A toolkit published by the Agency for Healthcare Research and Quality (AHRQ) can help primary care physicians recognize unmet social needs that may be impacting their patients’ health. “Social determinants of health (SDOH) are widely recognized as having an important impact on health and mortality,” reports AHRQ. “There is emerging evidence that screening for and attempting to address unmet needs within a primary care setting can improve patient health.”
The screening protocol, titled Identifying and Addressing Social Needs in Primary Care Settings, provides direction for practices who wish to begin SDOH assessments, as well as recommendations to connect patients with needed services to improve their health. The AHRQ toolkit includes the following key considerations:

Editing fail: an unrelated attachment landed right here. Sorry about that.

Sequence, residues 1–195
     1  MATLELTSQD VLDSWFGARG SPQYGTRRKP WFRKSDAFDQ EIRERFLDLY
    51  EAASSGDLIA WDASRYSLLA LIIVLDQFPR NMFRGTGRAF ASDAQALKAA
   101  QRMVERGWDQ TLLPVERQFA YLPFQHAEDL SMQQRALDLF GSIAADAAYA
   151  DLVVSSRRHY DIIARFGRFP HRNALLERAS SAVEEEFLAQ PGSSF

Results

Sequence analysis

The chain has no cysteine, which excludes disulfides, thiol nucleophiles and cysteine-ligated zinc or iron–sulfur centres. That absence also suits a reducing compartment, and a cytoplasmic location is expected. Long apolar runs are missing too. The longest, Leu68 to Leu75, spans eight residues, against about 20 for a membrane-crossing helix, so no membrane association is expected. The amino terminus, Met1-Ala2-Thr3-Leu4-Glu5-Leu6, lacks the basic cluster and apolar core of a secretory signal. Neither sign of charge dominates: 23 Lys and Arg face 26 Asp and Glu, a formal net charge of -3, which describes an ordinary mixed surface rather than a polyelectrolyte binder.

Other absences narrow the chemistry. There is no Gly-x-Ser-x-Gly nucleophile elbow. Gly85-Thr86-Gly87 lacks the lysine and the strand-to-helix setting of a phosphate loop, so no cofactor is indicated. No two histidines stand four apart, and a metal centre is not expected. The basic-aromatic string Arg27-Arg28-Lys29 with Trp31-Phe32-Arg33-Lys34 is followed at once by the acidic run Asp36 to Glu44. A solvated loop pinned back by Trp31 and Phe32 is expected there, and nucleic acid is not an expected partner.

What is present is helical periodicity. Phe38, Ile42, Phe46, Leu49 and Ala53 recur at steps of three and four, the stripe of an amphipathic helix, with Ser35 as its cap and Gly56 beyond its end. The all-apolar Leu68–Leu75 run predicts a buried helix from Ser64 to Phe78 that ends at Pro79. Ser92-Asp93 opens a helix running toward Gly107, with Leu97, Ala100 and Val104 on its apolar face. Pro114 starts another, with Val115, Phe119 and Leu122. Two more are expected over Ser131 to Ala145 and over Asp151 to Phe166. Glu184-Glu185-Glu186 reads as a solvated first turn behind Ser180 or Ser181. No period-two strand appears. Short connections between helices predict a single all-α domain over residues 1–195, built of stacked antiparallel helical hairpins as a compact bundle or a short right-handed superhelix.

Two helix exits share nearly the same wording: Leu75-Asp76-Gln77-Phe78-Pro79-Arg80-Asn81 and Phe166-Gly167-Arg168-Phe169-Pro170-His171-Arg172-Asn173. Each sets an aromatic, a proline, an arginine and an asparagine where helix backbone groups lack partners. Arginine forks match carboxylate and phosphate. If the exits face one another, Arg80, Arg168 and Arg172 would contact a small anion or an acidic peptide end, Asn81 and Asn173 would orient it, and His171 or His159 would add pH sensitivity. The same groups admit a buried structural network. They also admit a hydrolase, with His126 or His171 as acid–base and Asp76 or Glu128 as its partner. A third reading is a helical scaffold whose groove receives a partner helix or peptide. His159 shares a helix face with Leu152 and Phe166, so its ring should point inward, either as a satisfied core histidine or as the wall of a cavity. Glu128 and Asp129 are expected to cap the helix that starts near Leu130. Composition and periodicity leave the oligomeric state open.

- Determining what social needs information to collect, while accounting for the patient population’s languages and literacy levels;
- Establishing a standardized approach to collecting social needs information that ensures there is no stigma associated with the assessment and staff is sensitive, empathetic and honors patient privacy;
- Developing protocols that refer and connect patients with the necessary resources, as well as follow-up procedures to ensure they received assistance; and
- Incorporating this information into future treatment plans that will optimize care for the patient.
Further, adopting these practices into routine primary care benefits both patients and providers because, as explained by AHRQ, “Collecting information about social needs allows clinicians to develop treatment plans that are better tailored to a patient’s unique needs and priorities – resulting in plans that patients may be more likely to follow.”
The complete resource is published on the AHRQ website. MLMIC recognizes that social factors are impactful on health. Practitioners should consider these elements and how they may influence patients’ treatment decisions, compliance with medication regimes and their plan of care. Assessing and addressing social needs will enhance patient outcomes and satisfaction.